The Groovy, Tumultuous, Swinging 60s

I was born in the 60s, nuff said.

Oh, okay, there was other stuff… the 60s were a decade of cool fashions and great music, but also a decade of great discord.

Some of you weren’t even born, but some of us were, and at the least, it left its mark. Let’s talk the 1960s


It gave us groovy fashions (and Diana Rigg)

It gave me my favorite band


It gave me my favorite comic books


It gave me Mr. Spock

It gave me James Bond

It gave me some of my favorite novels


It gave me a decade of Packer dominance (where they won the first Super Bowls, WOO-HOO, PACKERS!)


Not to mention, it gave us dangerous toys, which inspired a memorable Joel era host segment



No 60s thread would be complete without Soul Bossa Nova.




When I think of the 1960s, I think of Bedazzled.



I think of Adam West and Batman, and all his friends and foes…

and the Batusi


May of 1969 and the world reached its acme. I was born. :wink:


In 1967 the NHL doubled in size when these 6 teams were introduced:

All the new teams were put into the same division so they would theoretically each have the same chance at success. But it was my fave, the St. Louis Blues who were the early standouts. They made it to the Stanley Cup Finals in each of their first 3 seasons but were easily defeated by Montreal in 68 & 69 and Boston in 70. After that, they had to endure decades of playoffs frustration before finally winning the Stanley Cup in 2019.


“No, Potroast YOU can’t go to Woodstock you’re four years old!!” :angry:

“Did I mention there were DRUGS back then?”


To this 7-year-old kid in 1966, there was nothing bigger. Then I got older and found out how funny the show was. I still pop in an episode once in a while for a nostalgic laugh.


I wasn’t even around in the 60s, but I was so excited when it finally came out on DVD. I pity the people who dismiss it as silly kids’ stuff.


I remember back in the 60s watching this one Saturday morning cartoon about a rock band. The cartoon was so successful that they went out and got 4 guys to perform as a live-action version of the cartoon band. I haven’t seen those cartoons or that band in many years. Wonder what ever happened to them. I guess people just got tired of them, especially once the much superior Monkees came along.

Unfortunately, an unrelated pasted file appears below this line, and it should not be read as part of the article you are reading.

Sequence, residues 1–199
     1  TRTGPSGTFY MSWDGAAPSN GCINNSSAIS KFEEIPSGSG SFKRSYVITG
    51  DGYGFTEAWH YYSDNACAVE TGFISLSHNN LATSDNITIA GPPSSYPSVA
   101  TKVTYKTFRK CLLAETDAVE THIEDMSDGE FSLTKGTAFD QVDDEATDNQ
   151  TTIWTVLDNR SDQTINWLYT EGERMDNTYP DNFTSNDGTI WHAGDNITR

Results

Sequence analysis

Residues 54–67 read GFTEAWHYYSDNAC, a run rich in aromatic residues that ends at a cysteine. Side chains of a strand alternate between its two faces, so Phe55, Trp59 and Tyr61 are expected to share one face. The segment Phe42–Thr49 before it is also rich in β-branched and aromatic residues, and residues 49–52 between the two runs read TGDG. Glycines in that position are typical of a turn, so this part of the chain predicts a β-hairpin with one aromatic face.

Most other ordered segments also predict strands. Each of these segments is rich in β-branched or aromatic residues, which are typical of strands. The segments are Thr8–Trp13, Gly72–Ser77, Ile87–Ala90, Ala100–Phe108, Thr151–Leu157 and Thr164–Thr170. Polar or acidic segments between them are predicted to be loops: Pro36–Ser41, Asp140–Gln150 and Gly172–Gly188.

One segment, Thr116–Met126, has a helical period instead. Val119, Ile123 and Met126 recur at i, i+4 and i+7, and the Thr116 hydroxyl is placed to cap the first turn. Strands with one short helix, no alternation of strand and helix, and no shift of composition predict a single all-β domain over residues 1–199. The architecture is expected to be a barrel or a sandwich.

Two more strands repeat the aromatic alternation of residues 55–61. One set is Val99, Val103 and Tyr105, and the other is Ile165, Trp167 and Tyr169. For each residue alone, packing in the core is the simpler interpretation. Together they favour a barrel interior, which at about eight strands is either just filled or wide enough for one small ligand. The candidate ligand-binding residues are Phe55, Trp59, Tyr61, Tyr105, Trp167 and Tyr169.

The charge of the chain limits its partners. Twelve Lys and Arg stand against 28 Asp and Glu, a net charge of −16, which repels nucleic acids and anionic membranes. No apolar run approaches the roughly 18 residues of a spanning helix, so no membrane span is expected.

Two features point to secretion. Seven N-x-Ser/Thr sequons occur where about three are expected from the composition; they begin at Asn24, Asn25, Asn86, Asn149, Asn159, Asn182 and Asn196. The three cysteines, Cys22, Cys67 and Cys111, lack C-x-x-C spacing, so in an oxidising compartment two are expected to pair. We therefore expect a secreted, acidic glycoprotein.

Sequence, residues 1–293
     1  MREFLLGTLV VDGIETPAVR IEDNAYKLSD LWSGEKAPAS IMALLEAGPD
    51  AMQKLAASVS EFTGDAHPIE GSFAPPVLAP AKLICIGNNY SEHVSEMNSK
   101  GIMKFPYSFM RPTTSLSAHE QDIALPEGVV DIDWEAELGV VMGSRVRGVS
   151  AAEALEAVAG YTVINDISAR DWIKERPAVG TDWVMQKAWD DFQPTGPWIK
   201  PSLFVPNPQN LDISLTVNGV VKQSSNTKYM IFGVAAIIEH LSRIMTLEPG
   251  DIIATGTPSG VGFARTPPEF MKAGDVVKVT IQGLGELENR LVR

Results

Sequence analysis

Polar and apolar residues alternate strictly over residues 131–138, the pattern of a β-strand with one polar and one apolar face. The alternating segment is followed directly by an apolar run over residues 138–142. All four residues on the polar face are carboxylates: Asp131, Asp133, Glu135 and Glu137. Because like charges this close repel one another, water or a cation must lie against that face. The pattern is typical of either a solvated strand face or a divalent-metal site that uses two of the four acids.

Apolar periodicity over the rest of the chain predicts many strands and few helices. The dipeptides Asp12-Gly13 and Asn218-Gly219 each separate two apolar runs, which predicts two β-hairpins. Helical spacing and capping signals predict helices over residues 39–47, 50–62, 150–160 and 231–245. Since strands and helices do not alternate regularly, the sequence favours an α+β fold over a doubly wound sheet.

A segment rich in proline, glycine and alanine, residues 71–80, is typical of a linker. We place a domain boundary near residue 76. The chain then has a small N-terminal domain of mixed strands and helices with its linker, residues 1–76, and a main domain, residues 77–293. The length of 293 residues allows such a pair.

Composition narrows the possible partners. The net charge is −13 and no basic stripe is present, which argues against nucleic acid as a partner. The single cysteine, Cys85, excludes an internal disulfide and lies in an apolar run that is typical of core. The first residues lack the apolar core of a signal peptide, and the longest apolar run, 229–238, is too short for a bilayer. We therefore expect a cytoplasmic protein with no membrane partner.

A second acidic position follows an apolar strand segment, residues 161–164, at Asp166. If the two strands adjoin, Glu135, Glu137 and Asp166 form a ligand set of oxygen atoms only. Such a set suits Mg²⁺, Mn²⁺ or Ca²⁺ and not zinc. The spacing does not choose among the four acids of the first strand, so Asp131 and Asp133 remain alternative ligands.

During part of that series they used “And Your Bird Can Sing” as the theme song, and that could be the reason it’s my favorite Beatles song to this day.


I was no more than 4 in the 60s, I have memories of memories and that’s about it. There was mid-century modern robins-egg blue plastic furniture.

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In 1962 the Mets were born, in 1967 this pitching phenom named Tom Seaver made the roster, and in 1969 the miracle happened, and they won the World Series!

Also in 1969, Seattle joined the league… and then a year later, our Pilots moved to Milwaukee and became the Brewers. So that was short lived (until we got the Mariners)

Oh, and then there was that moon landing thing, I dunno, that was pretty exciting for this kid too. Almost as exciting as the Mets.


I started becoming interested in baseball around 1967, and in the New York area then a lot of people (including my father) still went on about how the Yankees were the great team. I couldn’t see why - they hadn’t been good in years. Meanwhile, the “new” team in Queens were a lot of fun to watch, and I became a fan. Then 1969 happened.

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:airplane: Personal memories: Dad was in the Navy, worked on an aircraft carrier, fixed planes and such, and we briefly lived on base, which I thought was great. Later he left (the navy), and we moved, and he took a job at Boeing, so I thought my pops was the coolest. Whenever I’d see one (a Boeing jet) fly overhead I wondered if he worked on it.

But folks, you didn’t have to live through the 60s, to talk about them.

You can discuss favorite entertainment, great albums for the decade, for example.

Along with the biggies for me (The Beatles, Hendrix, Dylan) the Zombies released Odessey and Oracle, which had this memorable track.

And Love’s, Forever Changes was pretty amazing.

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For the first couple minutes, the image was upside down. When Walter Cronkite reported that, he also said that millions of Americans were moving to stand on their heads.

I was one of them.

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